There is much to learn when moving children from within the confines of the orphanage walls and out into the community.

The participants who took part in training this year appreciated the opportunity to make site visits and hear the rich testimonies of foster parents who know first-hand how to make a child feel like a valuable member of a family. Throughout the training there was opportunity for participants to envisage the children in their care moving in with local families and learning ways they could support and assist to ensure a stable placement.

Another focus throughout the year was to help equip foster care workers with the skills and confidence to be able to train the foster parents in their programmes. Bringing foster families together is such a simple way of encouraging, inspiring and equipping them with the skills they need to parent the children in their care. Thai people live by the principle that life should be “saduak, sanook and sabii” or comfortable, convenient and fun, and training sessions are designed to include all three. I don’t think I have ever been to a training session with foster parents where it hasn’t included side-splitting laughter, dancing and parading, and a sense that they are one huge supportive family.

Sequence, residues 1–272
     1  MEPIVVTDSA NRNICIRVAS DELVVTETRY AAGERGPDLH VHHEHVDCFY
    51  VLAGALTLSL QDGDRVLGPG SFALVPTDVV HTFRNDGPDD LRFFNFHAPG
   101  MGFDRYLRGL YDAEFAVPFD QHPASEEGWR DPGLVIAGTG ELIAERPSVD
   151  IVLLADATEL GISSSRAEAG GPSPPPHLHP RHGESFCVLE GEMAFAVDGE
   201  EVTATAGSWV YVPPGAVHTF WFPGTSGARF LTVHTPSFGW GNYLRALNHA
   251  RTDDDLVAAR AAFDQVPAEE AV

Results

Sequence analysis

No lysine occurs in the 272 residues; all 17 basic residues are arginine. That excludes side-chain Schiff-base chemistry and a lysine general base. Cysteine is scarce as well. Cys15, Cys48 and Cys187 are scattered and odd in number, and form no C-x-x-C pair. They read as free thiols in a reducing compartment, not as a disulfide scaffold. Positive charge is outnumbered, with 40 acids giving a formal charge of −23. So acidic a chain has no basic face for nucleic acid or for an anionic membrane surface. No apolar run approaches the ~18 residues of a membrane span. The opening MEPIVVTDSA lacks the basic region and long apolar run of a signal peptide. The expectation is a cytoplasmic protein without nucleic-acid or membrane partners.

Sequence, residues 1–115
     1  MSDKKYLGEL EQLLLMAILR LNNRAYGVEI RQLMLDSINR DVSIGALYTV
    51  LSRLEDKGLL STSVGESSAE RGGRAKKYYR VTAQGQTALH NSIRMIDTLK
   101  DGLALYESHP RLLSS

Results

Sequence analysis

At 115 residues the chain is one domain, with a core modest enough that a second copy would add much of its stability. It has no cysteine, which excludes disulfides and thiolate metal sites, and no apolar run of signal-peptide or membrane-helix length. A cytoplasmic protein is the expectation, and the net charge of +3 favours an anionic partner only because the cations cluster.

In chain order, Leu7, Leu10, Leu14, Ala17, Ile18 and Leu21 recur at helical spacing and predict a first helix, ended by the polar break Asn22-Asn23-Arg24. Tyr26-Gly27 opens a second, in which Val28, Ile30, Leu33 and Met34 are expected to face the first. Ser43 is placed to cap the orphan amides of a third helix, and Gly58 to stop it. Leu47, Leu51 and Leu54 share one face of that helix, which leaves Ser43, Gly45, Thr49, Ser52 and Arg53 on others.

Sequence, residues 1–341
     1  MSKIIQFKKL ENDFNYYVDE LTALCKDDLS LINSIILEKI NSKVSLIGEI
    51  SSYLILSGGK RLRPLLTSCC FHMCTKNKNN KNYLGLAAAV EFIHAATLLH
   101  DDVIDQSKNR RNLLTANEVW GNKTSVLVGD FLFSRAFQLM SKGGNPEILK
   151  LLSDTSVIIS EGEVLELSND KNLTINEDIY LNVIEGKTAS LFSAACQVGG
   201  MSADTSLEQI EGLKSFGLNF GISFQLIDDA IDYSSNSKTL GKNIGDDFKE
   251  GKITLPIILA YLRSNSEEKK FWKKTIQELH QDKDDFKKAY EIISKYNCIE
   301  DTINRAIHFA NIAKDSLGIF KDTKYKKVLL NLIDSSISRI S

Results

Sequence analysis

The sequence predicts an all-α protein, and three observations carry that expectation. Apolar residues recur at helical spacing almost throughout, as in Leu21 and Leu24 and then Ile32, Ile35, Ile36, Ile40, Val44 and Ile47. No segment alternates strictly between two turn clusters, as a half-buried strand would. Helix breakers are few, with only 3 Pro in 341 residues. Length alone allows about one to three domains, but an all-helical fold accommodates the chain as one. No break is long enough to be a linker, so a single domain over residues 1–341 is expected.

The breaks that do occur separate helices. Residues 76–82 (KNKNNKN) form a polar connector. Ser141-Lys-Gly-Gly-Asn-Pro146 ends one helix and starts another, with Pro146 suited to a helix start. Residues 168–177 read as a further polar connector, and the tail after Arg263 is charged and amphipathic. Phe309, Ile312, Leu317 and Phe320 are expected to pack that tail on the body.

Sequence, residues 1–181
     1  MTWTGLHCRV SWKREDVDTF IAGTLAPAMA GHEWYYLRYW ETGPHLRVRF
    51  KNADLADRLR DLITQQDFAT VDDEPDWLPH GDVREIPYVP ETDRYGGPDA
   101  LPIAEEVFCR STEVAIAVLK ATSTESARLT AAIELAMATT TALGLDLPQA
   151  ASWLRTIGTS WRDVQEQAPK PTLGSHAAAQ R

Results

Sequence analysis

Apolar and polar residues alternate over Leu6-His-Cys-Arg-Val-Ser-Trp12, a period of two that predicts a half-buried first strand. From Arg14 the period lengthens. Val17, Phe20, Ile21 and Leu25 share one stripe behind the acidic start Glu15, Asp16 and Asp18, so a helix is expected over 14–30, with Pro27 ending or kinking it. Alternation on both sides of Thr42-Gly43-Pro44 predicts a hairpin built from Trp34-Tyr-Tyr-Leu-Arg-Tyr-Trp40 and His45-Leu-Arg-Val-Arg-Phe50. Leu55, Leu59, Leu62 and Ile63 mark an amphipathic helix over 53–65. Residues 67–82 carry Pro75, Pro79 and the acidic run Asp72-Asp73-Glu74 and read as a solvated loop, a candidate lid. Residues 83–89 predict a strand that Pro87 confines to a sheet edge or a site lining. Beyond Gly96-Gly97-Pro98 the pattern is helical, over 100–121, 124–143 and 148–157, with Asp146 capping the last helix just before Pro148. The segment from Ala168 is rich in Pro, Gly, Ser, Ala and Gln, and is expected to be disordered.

Once again, thank you for your support and staying connected to our work. We hope you will consider supporting this project again in 2019.

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So far this year, the Care for Children team in Thailand has had a busy season. We started out the year with a National Foster Meeting, bringing together senior government officials, orphanage directors, social workers, and family placement workers from 20 government children homes.